Papal trips do not happen by accident. The great success of Pope Francis’ journey to Cuba and America only succeeded because of a lot of advance planning and intense security. We salute the members of the New York Police Department, the U.S. Secret Service and the Swiss Guard for the attention paid to detail in protecting the Holy Father, while at the same time making him accessible to millions of people in such a short time span.
As we look back on the Holy Father’s Apostolic visit to the United States, we can reflect, with some clarity, as to what the pope said and did during his time with us. Some were overjoyed at the pope’s speech to Congress; others felt it was a missed opportunity to speak more explicitly against the evil of abortion and against same-sex marriage. Some were thrilled that he explicitly mentioned his opposition to the death penalty; still others wanted him to be more specific on issues that Catholics in America have to face.
As we go to press, the focus of Pope Francis’ apostolic voyage to America has been on the first leg of the journey – his four day stop in Cuba. Historic and inspirational are just two of the adjectives to describe what we have seen thus far. Don’t underestimate the importance of this trip, not […]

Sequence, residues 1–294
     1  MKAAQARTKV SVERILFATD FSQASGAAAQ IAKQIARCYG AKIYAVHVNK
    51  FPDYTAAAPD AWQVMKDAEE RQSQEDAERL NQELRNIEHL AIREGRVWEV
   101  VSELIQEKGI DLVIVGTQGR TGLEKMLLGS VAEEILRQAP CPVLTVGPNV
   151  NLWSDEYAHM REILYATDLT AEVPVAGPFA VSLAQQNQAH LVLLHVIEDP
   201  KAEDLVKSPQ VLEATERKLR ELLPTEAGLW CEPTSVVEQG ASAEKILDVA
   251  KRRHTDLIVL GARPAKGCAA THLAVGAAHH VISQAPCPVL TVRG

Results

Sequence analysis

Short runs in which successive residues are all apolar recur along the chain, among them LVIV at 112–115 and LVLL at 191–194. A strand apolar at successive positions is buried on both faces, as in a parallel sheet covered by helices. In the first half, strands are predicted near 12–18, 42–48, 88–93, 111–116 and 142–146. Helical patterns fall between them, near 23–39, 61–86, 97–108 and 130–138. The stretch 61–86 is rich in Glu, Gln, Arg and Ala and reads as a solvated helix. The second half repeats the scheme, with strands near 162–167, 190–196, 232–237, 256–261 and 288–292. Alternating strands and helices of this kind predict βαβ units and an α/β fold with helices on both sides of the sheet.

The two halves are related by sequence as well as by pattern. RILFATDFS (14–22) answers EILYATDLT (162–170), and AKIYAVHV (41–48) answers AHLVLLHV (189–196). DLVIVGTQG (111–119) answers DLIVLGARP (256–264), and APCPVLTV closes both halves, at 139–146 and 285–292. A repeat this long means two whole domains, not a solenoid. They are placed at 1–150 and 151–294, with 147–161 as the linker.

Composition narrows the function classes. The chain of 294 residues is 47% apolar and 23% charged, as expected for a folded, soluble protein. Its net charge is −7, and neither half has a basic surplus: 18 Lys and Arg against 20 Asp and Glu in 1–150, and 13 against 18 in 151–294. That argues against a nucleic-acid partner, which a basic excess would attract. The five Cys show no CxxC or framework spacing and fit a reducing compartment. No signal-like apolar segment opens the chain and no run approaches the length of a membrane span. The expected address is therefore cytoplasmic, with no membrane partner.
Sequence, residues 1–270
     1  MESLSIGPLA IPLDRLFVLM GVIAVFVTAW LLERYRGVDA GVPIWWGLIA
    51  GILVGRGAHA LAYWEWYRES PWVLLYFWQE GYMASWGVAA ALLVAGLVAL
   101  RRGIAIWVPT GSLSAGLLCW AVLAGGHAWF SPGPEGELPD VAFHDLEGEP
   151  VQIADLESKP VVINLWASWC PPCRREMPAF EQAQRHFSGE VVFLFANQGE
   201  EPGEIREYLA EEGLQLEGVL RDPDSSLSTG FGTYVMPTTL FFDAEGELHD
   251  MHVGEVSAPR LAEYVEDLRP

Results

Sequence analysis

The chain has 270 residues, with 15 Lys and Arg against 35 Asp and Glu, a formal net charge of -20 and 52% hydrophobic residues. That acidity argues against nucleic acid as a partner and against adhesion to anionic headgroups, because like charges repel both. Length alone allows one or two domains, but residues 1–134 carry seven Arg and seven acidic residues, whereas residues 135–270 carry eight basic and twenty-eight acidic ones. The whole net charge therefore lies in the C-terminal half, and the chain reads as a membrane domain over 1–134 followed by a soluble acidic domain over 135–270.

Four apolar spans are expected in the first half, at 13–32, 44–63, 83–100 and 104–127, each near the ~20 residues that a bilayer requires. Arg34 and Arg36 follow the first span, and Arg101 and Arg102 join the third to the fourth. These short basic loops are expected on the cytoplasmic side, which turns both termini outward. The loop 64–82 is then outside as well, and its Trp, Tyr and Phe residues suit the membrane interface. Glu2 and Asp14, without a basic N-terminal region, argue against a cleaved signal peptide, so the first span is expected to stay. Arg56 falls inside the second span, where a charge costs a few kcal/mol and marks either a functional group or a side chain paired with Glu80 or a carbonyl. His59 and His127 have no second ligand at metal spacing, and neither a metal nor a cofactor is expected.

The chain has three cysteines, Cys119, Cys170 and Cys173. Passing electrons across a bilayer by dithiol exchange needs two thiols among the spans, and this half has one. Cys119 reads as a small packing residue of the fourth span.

Pope Francis’ visit to the U.S. offers us an opportunity to reflect on the key role that not only do our primary and secondary schools serve in the passing on of faith, but also the major impact that the Catholic colleges and universities have in the Christian education and formation of our people.
The situation in Rowan County, Ky., is a difficult one, to say the least. The law of the land is that same-sex couples can be issued civil marriage licenses. County clerk Kim Davis, a born-again Christian, refused to comply with the civil law by issuing these licenses to same-sex partners, citing that it would cause her to violate her conscience as a Christian. She was sent to jail, a martyr-hero to some and a homophobe bigot to others.
A study was conducted and reported in several media outlets that fighting with one’s spouse can cause one to grow in obesity. If nothing else can prevent married couples from seriously arguing, then perhaps the threat of gaining weight can loom large in minds as a preventative measure.
With the announcement of the Jubilee Year of Mercy proclaimed by Pope Francis (which will begin Dec. 8), it’s easy to forget that another specially dedicated year is still going on, namely the Year of Consecrated Life (which began Nov. 29, 2014).
GQ, in its Aug. 17, edition, published an interview by Joel Lovell with comedian Stephen Colbert, the new host of The Late Show on CBS. Surprisingly, this article was more than simply publicity for Colbert’s new series, but a good insight into someone in the entertainment field who is a person of faith. A practicing Catholic, Colbert goes into depth about his own personal faith.
Last April 11, at First Vespers of Divine Mercy Sunday (Second Sunday of Easter), Pope Francis presented the Bull of Indiction of the Jubilee of Mercy, entitled “Misericordiae Vultus” or “The Face of Mercy.”
The comments of Donald Trump to CNN’s Don Lemon concerning journalist Megyn Kelly after the Republican debate, stating: “You could see there was blood coming out of her eyes … Blood coming out of her wherever” in any interpretation, be it he said “nose” – as Trump’s staff clarified – or as in most interpretations, her menstruation, demonstrates once again the necessity for civility in public discourse.